MCFRS News Release
Fire Safety Holiday Gift Ideas
Fire Chief Richard Bowers and all of the men and women of the Montgomery County Fire and Rescue Service hope that everyone has a safe and happy Holiday season. Looking for that perfect gift? Need something for somebody that has everything? Why not give a gift that can save a life and/or protect your family! By the way, smoke alarms make excellent stocking stuffers.
Listed below are our gift recommendations:
Smoke Alarms: A smoke alarm should be installed on every level of your home and outside of each sleeping area. Give a gift of life: A Smoke Alarm. (Your family is afforded the best coverage with both ionization and photoelectric technologies).
Batteries: Batteries in smoke detectors need to be changed annually. Batteries make wonderful stocking stuffers!
Calendars: Give a calendar with one day a month marked as smoke detector testing day, and include one day each year to remind your loved one to change the battery (Change your Clock - Change your Battery) and to vacuum the unit. (P.S.: Include your Birthday, too!) Choose two dates per year to practice home escape plans.
Fire Extinguishers: Purchase a good fire extinguisher that can be recharged easily. Don't be fooled by high pressure door-to-door salespersons making unusual claims.
Flashlights: Use for emergency lighting instead of candles, to avoid the risk of fire from an open flame.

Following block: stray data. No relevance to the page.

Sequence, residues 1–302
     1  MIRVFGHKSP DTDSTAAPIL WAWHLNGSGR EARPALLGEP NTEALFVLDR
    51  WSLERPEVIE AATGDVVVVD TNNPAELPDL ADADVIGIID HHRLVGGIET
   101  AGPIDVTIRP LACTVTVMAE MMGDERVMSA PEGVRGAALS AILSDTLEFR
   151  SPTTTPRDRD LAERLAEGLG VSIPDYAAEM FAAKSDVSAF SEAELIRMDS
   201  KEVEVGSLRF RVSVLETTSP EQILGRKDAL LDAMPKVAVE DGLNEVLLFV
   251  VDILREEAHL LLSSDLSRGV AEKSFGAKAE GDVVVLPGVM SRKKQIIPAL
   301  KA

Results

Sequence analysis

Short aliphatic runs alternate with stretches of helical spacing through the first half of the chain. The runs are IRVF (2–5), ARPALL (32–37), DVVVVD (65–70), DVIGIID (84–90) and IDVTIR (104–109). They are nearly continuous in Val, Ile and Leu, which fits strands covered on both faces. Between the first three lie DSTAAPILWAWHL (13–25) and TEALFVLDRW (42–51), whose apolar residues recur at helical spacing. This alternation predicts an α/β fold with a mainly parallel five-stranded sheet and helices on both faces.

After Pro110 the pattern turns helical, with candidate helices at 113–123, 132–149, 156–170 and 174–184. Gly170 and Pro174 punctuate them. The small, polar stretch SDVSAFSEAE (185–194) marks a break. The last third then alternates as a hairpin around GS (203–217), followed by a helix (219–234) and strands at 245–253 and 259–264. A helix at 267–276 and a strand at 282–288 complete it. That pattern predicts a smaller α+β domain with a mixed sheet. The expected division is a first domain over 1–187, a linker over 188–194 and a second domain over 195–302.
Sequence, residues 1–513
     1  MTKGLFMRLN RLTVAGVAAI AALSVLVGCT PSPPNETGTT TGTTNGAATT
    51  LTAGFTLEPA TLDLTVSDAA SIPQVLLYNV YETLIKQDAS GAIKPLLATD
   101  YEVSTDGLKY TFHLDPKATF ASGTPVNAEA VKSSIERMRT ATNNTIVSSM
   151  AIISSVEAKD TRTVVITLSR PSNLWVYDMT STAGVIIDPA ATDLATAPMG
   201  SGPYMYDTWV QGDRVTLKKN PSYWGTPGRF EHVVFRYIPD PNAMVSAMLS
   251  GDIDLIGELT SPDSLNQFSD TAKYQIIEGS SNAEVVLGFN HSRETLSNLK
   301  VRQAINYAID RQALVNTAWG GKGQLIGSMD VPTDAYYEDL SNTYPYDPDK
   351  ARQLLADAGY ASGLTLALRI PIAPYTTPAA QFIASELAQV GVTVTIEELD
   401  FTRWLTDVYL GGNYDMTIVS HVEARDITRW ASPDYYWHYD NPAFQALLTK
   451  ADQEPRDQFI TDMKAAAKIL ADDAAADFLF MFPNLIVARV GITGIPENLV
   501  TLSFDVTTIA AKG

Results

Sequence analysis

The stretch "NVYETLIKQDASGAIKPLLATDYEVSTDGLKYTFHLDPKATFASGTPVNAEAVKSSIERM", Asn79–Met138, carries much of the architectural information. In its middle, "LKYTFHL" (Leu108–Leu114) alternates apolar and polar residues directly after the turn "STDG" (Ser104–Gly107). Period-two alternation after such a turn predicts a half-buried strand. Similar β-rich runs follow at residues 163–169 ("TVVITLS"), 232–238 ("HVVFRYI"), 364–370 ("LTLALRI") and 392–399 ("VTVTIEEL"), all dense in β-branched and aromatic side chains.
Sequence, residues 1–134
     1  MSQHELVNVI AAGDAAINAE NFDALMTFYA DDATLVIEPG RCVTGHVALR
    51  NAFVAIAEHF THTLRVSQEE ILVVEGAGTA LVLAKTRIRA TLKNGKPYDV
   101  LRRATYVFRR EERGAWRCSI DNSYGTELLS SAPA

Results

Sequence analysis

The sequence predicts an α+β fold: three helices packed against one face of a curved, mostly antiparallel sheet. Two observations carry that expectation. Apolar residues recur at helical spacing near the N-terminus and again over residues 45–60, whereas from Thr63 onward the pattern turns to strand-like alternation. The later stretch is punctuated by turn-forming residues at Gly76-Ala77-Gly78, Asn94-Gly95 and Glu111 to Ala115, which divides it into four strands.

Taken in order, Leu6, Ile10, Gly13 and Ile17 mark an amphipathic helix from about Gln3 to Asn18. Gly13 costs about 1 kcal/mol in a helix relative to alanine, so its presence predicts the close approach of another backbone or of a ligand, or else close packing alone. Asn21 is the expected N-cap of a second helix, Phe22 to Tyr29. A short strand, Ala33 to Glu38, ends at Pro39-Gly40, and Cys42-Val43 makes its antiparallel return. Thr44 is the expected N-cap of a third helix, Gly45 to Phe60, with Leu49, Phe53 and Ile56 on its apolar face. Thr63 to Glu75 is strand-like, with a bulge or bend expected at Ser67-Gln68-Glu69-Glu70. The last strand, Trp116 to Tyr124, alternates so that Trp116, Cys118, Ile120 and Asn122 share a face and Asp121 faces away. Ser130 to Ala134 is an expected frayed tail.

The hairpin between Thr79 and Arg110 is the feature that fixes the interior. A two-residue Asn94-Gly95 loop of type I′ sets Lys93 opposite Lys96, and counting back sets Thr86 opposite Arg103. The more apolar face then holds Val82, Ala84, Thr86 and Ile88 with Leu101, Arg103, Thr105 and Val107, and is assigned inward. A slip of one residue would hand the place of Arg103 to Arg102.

Escape Ladder: This handy device will enable persons sleeping in a bedroom in a 2nd or 3rd story to escape in situations where fire and smoke make it impossible to escape from house via the primary escape route.
Sturdy candleholders: prevent tip-over when candles are lit.
A sturdy fireplace screen: keeps embers out of the room.
Gift certificates: for clean-up services to remove clutter that could give fires a place to start or trip you up if you need to escape quickly if fire occurs. Chimney sweeps can reduce oily creosote build-up that can be easily ignited in chimneys. Many chimney sweeps provide more comprehensive fire inspection, maintenance, and clean-up services.
Warm nightwear or bedding: can help reduce the need for space heaters, particularly at night. Space heaters (fixed and portable) are the equipment involved in about 75% of home heating fire deaths, and NFPA recommends they be turned off at night before going to sleep. Nightwear or bathrobes with tight-fitting sleeves will stay well away from cooking flames and hot surfaces like stove burners.
Oven mitts: for handling cooking equipment, tableware or cookware and especially to permit safe placement of a lid on a stove pan to smother a small fire.
Large house numbers: so firefighters can quickly locate a home at night in an emergency.
Carbon monoxide alarms: While this item won’t help keep your loved ones safe from fire, it’s something you should consider for home safety. Often called the silent killer, carbon monoxide is a colorless, odorless gas formed when fuels—such as natural gas, oil and wood—burn incompletely.Remember – this is a busy time of year for area firefighters. It is important that all residents know to have a working smoke alarm on each level of a home, have an escape plan (know how to get out quickly) and call the fire department from a safe area, preferably a neighbor’s house. Do not delay!